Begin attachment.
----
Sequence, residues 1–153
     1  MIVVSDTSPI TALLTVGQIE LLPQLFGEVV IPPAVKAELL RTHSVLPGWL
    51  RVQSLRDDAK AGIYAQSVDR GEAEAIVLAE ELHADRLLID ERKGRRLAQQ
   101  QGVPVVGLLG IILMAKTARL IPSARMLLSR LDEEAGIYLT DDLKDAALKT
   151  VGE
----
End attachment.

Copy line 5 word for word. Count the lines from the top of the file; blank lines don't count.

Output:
   151  VGE